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As the summer begins to wind down, I find myself with a few books that I’ve yet to review. Though very different, these three books have in common that they feature in one way or another a young woman at a crossroads in her life. Today I take a look at those three women and their stories with three mini-reviews.
Quicksand by Malin Perrson Giolito
Publisher: Other Press
Release Date: March 7, 2017
Length: 512 pages
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Publisher’s Final Sentence – Quicksand is an incisive courtroom thriller and a drama that raises questions about the nature of love, the disastrous side effects of guilt, and the function of justice.
My Thoughts – I’m not normally a reader of courtroom dramas, but was immediately drawn into the story of Maja Norberg, an 18-year old on trial for killing 2 classmates as part of a larger school shooting. There is no doubt that Maja shot both her boyfriend and her best friend.
“She was dead, wasn’t she? I had heard her die, I had heard everyone die, every one of them, they were all dead, weren’t they? I saw them die. Everyone but me was dead, and just a few moments ago we were alive.”
She admits it; she feels remorse; she wants to be punished for her crime. This makes Maja a very sympathetic character despite the horrible thing she’s done. Malin Perrson Giolito smartly moves Maja’s story between the days in court, the months she’s spent in jail, and those leading up to the shooting. All, moving toward a clearer picture of how a girl with so many advantages could end up at school with a rifle in her hands. Maja didn’t realize she was at a crossroads until it was too late. The question for her remains, “Is there a life to be had after murder?” Giolito’s handling of touchy material was well thought out, only occasionally veering into over-philosophizing. Quicksand is a novel I thoroughly enjoyed and recommend to anyone who likes coming-of-age, courtroom, or crime novels. Grade: A-
New People by Zanzy Senna
Publisher: Riverhead Books
Release Date: August 1, 2017
Length: 240 pages
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Publisher’s Final Sentence – Heartbreaking and darkly comic, New People is a bold and unfettered page-turner that challenges our every assumption about how we define one another, and ourselves.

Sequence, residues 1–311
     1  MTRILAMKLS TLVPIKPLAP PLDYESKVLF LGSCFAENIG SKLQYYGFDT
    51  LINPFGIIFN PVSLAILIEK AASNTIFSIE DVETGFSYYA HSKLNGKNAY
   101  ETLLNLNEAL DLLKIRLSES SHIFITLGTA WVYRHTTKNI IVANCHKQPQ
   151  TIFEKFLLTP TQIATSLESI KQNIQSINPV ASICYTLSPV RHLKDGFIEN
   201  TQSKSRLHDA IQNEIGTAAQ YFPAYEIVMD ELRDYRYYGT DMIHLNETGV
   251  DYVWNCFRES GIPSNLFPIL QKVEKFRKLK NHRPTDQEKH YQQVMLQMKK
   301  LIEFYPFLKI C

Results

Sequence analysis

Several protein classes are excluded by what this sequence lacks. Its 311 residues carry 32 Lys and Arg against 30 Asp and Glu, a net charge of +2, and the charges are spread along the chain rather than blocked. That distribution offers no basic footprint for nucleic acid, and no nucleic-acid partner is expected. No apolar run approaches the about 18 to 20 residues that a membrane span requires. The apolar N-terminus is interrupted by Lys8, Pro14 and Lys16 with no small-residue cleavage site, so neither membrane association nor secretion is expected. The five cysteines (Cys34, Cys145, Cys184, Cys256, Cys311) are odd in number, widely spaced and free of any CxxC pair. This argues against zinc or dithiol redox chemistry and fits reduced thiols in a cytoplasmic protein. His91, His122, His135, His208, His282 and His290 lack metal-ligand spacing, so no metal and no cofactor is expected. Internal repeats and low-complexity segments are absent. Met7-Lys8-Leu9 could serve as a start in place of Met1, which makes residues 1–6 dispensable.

My Thoughts – I don’t typically need to like a character in order to like her story, but in New People 27-year old Maria became an exception that. Rarely have I had such a strong negative reaction to a character. I thought Maria was a woman who had a lot going for her. She was a Stanford grad in her 6th year of a Phd. program at Columbia. She had an extremely supportive fiancé with whom she was selected to be part of a documentary on “new people,” those blurring the racial lines. But Maria wasn’t really satisfied with her life. At times she felt like perhaps she and Khalil weren’t quite black enough, their sex life wasn’t all it could be, her dissertation seemed to be stalled, and she found herself lusting after an attractive young poet, who happened to be a much darker skinned man than Khalil. None of that made me dislike Maria, but the way she handled herself did. To me Maria showed a pattern of believing that her feelings and opinions were all that mattered, often manifesting themselves in ways that were just plain mean-spirited or weird. I like snark, but Maria took it too far.
“Maria smirks at the poet, wondering if he too can see how forced it all is – this group and the pantomime of their newly discovered blackness. It’s catching. The craze. We once were lost, but now we’re black. It’s so old-school it’s new-school. They have taken on their duties as Negros with aplomb, she’s gotta give them that.”
Maria faced many crossroads in New People, and for most I had a hard time understanding the choices she made. It wasn’t until the very end of her story that I began to feel enough sympathy to like her just a little. Grade: C+
Note: I received a copy of this book from the publisher via Edelweiss in exchange for my honest review.
Home Fire by Kamila Shamsie
Publisher: Riverhead Books
Audio Publisher: Penguin Audio
Release Date: August 15, 2017
Length: 288 pages (7hrs. 54min.)
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Publisher’s Final Sentence – Suddenly, two families’ fates are inextricably, devastatingly entwined, in this searing novel that asks: What sacrifices will we make in the name of love?
My Thoughts – Kamila Shamsie’s beautifully written Home Fire is many things. It’s a story of three English born Pakistani siblings living in London and the shadow cast on them by their father, an extremist fighter who died on his way to Guantanamo. The veil of suspicion remains ever present in their lives. It’s the story of a man (also Pakistani) forced to choose between his Muslim heritage and his political ambitions. More than anything, Home Fire is a story of a sister’s single-minded devotion to her twin brother. When 19-year old Parvaiz finds himself in a situation he desperately wants to be free of, his twin, Aneeka, will do anything to rescue him. Aneeka never truly faces a crossroads because there is never any questions as to where her loyalties lie. I felt sorry for this girl who was blind to the other people in her life, and even more, I felt sorry for them. Aneeka’s love for her brother was in itself a form of radicalization, seeing no room for anything or anyone else. No one mattered as much as Parvaiz. Grade: B-
Narration: Home Fire’s audio version was narrated by Tania Rodrigues. I found her to be very easy to listen to, with both her pace and inflections making the story easy to follow. This was no small feat considering the story was told from five different perspectives!
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